White House Considering 10+ Year Surface Transportation Reauthorization
January 18, 2019
As Reuters first reported, high-level meetings were held at the White House this week to discuss infrastructure, and at those meetings, the idea of reauthorizing surface transportation programs for a decade or more as part of an infrastructure initiative was discussed.
The impetus for this week’s meetings was to decide what infrastructure messages to put in the upcoming State of the Union address and what to put in the fiscal 2020 budget proposal. The State of the Union address was scheduled for January 29 but is now in flux as the Speaker has requested that the President reconsider the use of the House chamber during a government shutdown, and the budget is, by law, due on the first Monday in February (Feb. 4) but since most of the people at the Office of Management and Budget and the departments and agencies whose job it is to assemble the budget have been furloughed since December 21, that deadline isn’t going to be met either.
But ETW has been hearing for some time that a reauthorization proposal of ten or more years duration was under serious discussion, and it’s not hard to see why. Ever since the 2016 campaign, discussions of an infrastructure package have been hung up on One Big Number, usually a trillion dollars. The One Big Number is invariably reached by multiplying annual spending times number of years. Increasing either variable works.
To put it in perspective, let’s stretch out the amount of money that the federal government is already spending. The Congressional Budget Office’s most recent baseline (which, granted, was almost a year ago) took the actual appropriated funding levels for every budget account for fiscal 2018 and extrapolated them forward, with annual inflation increases for discretionary programs, for every fiscal year through 2028. To go farther than that, we simply kept increasing the discretionary numbers by 2.0 percent per year after that.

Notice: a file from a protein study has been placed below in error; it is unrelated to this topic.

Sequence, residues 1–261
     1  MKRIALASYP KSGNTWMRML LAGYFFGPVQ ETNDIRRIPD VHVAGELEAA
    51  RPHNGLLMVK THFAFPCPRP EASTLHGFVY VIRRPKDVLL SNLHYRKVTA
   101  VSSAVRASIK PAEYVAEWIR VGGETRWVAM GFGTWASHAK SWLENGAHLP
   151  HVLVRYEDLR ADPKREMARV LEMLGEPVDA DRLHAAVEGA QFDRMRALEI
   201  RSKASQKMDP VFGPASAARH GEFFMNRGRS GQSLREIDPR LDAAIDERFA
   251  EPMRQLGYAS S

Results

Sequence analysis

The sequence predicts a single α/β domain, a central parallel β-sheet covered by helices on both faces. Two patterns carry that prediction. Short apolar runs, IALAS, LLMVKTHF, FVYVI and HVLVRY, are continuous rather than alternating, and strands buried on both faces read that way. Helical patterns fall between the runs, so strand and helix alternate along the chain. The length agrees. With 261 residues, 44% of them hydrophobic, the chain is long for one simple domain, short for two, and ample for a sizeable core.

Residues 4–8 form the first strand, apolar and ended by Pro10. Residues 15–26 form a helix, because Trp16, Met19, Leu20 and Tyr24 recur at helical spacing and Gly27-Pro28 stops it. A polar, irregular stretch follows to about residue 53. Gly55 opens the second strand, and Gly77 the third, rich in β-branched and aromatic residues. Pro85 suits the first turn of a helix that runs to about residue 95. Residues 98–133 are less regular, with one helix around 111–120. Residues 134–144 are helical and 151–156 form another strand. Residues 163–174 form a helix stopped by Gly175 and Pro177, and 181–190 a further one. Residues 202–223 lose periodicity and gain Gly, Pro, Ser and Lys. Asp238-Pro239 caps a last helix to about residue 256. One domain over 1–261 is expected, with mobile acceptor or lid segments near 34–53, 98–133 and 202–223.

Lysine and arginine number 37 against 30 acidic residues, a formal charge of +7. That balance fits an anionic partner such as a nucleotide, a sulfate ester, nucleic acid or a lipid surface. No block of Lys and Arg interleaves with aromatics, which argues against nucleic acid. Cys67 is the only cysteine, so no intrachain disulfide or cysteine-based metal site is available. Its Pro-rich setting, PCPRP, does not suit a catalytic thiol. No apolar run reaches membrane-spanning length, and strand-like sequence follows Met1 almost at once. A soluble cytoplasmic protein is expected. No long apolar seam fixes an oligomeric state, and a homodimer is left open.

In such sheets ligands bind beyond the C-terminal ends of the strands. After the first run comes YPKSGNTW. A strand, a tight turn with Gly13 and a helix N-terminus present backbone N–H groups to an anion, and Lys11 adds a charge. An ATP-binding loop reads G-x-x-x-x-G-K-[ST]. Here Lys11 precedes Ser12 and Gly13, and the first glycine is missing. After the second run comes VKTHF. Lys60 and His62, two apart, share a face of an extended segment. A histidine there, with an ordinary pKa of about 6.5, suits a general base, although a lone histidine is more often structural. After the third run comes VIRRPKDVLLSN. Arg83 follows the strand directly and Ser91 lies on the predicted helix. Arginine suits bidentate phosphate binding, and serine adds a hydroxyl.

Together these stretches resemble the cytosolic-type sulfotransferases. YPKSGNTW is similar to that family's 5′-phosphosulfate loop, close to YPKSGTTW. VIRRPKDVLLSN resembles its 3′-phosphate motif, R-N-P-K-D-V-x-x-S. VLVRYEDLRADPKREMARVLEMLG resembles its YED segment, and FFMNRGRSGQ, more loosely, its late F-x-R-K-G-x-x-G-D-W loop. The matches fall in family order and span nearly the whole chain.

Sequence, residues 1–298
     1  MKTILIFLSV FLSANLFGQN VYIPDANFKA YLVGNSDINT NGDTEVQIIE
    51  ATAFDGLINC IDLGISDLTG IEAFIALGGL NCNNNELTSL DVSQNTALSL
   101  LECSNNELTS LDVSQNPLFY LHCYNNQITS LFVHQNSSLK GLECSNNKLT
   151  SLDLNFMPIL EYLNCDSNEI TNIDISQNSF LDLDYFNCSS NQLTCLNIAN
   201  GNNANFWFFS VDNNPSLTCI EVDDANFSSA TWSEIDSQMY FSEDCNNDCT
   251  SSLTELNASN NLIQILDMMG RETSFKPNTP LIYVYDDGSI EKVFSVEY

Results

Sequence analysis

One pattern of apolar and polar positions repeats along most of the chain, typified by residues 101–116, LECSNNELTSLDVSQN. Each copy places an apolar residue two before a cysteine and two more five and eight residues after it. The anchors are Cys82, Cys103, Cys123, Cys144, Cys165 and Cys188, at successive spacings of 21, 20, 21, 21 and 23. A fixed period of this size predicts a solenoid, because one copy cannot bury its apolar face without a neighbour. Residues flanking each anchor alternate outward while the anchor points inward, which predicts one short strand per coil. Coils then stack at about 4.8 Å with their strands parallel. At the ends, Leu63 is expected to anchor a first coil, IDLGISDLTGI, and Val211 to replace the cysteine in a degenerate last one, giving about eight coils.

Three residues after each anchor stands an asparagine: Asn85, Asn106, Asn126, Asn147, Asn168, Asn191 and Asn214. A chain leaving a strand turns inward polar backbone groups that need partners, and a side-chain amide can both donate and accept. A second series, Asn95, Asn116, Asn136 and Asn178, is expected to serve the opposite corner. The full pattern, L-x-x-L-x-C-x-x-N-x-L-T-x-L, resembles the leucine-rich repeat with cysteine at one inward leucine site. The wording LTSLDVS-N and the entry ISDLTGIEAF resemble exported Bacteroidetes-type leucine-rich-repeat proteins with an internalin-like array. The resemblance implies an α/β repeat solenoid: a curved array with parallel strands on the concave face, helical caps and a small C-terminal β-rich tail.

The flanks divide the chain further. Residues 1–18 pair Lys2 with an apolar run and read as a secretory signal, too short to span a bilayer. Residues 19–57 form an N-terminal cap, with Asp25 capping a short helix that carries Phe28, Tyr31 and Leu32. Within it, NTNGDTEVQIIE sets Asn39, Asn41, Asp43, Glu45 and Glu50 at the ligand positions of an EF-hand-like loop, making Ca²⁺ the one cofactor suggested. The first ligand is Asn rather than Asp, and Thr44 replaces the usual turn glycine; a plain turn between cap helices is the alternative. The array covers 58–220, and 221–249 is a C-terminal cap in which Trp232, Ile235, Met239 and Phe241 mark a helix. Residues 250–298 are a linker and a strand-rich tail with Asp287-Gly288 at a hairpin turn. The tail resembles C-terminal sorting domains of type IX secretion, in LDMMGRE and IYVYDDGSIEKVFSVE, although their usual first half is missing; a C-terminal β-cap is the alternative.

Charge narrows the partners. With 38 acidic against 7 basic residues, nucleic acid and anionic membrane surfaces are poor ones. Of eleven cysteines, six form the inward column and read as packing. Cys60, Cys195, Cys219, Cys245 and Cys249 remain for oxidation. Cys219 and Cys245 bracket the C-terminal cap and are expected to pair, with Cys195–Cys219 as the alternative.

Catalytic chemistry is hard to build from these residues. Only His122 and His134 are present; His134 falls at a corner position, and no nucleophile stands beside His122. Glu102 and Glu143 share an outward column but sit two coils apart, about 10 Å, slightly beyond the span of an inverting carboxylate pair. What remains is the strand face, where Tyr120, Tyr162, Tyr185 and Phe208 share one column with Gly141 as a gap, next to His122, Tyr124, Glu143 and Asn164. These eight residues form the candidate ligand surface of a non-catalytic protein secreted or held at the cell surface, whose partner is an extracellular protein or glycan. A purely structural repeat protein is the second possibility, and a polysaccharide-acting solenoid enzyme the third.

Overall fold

Here are total Highway Trust Fund obligation levels (obligation limitations plus exempt contract authority) from that CBO baseline for fiscal 2021 (the first year of any new reauthorization proposal) through 2030 (again, FY29 and FY30 are just 2.0 percent increases over CBO’s FY28 numbers), in billions of dollars:
Add those ten numbers together and you get $657 billion, which puts you well on the way to $1 trillion without increasing spending above baseline levels. The Reuters article added an interesting twist and said that a reauthorization of 13 years was under consideration, which was also the number of years of Interstate construction contract authority provided in the 1956 highway law. Extrapolating 2031 through 2033 with the same 2 percent per year bump, you get a FY 2021-2033 13-year baseline spending total of about $880 billion, which is within sight of a trillion.
(This is why we have six-year surface transportation bills in the first place. What became the 1991 ISTEA law came out of committee as a five-year bill providing $153 billion but was predicated on a gas tax increase. When the gas tax hike fell apart at the last minute, the committee added a sixth year to the bill to keep the One Big Number over $150 billion and disguise the fact that the annual spending levels had been cut significantly.)
There is, of course, the small problem of the fact that baseline spending levels are unsustainable by current revenue rates. CBO also estimated that those baseline spending levels would require about $160 billion in revenue increases or additional transfers from the general fund for the first eight years after the FAST Act expires (fiscal 2021-2028). In that last year of 2028, the Trust Fund is projected to run a consolidated cash flow deficit of $26 billion. One can extrapolate that the ten-year baseline revenue shortfall would be somewhere in the $215-220 billion range. Add three more years and the revenue shortfall for a 13-year reauthorization at baseline spending levels would be around $300 billion.